Ages ago, we had a post on InGoal Mag about companies starting to experiment with using vinyl applications to "paint" goalie masks. I was pretty excited about that possibility because I've never been sold on shelling out $500 for the paint job of my dreams.
But it wasn't really a mainstream thing. Just a couple of sign-making companies in Quebec dabbling in it. Not the sort of thing you can just click "Buy" and have shipped to your door.
Then a couple of weeks ago, IGM again reported on Head Strong Grafx, who finally has come out with vinyl graphics on a turnkey basis. They have about 20 designs and you can pick your color, or for an upcharge, you can get metallic or other finishes.
But really, I was left with a LOT of questions about what I was going to get from them. In fact, it took me a while to even figure out that the application didn't cover the whole mask. I'm a little slow.
Anyway, I figured for $25, it was worth a shot, so I ordered a set of flames in white to go on my solid black Hackva.
It took them about a week to get here and what I got was 3 smaller flame graphics and 2 large ones cut out from a larger sheet. The graphic is sandwiched between a tacky translucent backing and a stiffer, non-sticky blue backing.
Bowl of soapy water
Soft cloth to apply soapy water
Sharp Exacto knife
Credit card, driver's license, etc. for squeegeeing the graphic smooth
- Take your cage off and then clean your mask with Windex or something similar. If you need to touch up paint or anything, I'd do it at this point.
- Place the graphics on the mask and see where you might want to put them. Keep in mind that it's exponentially easier to put the graphics on a flat surface or where there's only one curve. When the same piece of the graphic has to curve two ways, like on the side of your chin, where it's curving forward and down, it's very difficult to avoid wrinkles. More on that later.
- Peel BLUE backing layer away so that the graphic is stuck to the translucent layer. (Aside: I've spent 35 years using bandaids, so when I saw a flap where the translucent layer overlaps itself, I assumed that's where I'm supposed to peel. I WAS WRONG. DON'T DO THAT. Ruined one of the big flame graphics doing that.)
- Wipe a thin layer of the soapy water on the area of the mask you want to apply the first section of graphics. If you apply too much water and the graphic is sliding around too much, just wipe it off and start over with a lighter layer. You want the tackiness of the graphic to come through enough to stay in place while you squeegee the bubbles out.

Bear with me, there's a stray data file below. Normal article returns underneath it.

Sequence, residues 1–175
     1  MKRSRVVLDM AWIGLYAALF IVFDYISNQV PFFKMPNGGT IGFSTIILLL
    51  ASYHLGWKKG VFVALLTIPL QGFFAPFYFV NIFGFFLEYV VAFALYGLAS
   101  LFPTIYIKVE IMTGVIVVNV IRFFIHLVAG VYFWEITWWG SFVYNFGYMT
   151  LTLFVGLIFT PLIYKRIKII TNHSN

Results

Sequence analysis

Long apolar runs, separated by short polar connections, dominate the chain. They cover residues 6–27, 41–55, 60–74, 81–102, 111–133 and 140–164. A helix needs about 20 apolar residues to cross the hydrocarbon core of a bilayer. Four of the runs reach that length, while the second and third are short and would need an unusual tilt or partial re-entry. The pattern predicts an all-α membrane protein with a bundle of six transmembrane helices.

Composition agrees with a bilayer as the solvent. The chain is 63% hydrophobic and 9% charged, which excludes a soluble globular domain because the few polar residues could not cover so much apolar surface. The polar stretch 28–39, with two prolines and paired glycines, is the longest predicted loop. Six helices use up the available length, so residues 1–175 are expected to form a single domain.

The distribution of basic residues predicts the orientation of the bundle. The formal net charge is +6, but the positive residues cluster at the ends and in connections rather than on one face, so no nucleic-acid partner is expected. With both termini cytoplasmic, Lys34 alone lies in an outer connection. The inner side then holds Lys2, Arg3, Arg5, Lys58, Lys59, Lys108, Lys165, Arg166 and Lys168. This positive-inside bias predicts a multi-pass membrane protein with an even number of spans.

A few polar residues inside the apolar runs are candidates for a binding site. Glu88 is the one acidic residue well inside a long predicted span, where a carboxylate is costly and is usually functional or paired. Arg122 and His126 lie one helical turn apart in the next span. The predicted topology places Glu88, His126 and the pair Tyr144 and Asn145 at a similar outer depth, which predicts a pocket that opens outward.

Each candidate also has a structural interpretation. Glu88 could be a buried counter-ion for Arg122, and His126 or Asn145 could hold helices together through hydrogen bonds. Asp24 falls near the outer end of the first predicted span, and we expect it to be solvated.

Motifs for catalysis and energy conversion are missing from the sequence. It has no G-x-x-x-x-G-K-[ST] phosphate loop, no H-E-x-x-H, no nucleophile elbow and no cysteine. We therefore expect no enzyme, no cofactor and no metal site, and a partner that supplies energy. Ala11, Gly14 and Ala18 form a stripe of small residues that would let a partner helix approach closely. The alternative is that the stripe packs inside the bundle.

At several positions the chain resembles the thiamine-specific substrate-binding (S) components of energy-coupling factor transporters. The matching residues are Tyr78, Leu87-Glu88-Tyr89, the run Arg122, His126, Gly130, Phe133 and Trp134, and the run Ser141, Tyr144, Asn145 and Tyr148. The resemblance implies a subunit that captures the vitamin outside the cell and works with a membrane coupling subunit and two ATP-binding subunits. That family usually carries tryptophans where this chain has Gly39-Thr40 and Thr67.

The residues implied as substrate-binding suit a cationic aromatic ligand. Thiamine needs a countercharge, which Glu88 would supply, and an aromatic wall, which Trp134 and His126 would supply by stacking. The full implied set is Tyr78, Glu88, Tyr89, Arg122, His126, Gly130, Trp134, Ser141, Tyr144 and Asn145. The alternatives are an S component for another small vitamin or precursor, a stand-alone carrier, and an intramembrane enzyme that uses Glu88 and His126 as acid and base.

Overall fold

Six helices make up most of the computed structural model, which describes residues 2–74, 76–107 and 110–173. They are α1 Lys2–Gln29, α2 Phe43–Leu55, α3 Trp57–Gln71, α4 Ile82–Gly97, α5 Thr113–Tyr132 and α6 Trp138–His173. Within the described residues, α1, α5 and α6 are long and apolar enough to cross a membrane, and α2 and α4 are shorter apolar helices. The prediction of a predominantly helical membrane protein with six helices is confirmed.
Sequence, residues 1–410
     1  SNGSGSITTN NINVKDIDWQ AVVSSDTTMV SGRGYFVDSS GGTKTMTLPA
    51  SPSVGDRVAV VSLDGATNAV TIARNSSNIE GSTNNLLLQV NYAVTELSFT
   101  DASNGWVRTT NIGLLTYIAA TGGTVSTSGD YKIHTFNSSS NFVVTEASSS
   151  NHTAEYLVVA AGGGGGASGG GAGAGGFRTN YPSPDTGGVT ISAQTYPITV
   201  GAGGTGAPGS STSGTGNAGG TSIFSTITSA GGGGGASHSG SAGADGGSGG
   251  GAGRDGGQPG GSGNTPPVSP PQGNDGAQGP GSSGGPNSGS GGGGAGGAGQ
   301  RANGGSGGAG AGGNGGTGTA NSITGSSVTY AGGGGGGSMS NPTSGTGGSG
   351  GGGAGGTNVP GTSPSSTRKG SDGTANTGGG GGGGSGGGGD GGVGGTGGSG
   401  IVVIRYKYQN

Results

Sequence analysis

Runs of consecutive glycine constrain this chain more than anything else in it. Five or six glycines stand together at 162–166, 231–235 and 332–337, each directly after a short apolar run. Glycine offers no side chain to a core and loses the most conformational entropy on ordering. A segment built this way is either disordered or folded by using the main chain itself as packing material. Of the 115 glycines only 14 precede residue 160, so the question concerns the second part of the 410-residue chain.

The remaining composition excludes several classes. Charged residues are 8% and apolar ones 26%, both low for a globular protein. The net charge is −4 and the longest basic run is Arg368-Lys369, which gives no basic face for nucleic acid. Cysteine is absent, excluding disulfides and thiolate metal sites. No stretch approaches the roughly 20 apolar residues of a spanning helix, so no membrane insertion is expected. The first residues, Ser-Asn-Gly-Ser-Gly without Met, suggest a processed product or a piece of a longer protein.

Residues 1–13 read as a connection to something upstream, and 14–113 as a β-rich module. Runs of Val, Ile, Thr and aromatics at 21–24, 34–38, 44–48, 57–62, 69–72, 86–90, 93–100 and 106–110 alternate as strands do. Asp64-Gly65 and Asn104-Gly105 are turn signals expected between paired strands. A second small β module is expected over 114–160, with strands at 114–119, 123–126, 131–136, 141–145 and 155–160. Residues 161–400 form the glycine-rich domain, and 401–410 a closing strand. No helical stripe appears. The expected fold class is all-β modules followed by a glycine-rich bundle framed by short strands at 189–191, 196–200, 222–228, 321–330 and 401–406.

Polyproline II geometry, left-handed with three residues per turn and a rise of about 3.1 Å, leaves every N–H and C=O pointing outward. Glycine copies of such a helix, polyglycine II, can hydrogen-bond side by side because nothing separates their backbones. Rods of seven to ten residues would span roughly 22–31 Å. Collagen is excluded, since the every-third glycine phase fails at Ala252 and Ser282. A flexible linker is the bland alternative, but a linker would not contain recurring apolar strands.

- Place the graphic on the mask and smooth it down with your fingers. As mentioned above, if it's not generally staying in place, it's too wet. Press as much down with your fingers as you can before doing to the squeegee.
- Use the credit card squeegee to press the graphic down. Really rub it on there. Here's my suggestion for wrinkles you can't fix: Just leave them, and after you take the backing off, you can cut the wrinkle with the xacto knife to flatten it and just overlap the excess. You really can't see it. What I recommend against is smooshing the vinyl or trying stretch it. It just doesn't work and will look like crap.
- Now, their instructions say to let them dry before you pull the backing off. I didn't do that, but you probably should. I was too impatient to see it if would work, but I'm here to tell you it does. So once you've applied all the graphics and let them dry, you can peel the backing off carefully. I found that peeling back sharply (but slowly) rather than pulling UP on the paper works better. The flame design (and several others) have lots of pointy edges, so just be sure as you're pulling the paper off that those stay down.
- Trim the excess from around vent holes and edges of the mask with the exacto knife.
|Getting started: 5 decal segments, clean mask, soapy water|
|One of the small graphics with the blue backing peeled off, sticky side exposed.|
|First graphic added|
|All graphics applied|
|Final look with paint chips touched up, excess trimmed, and cage back on.|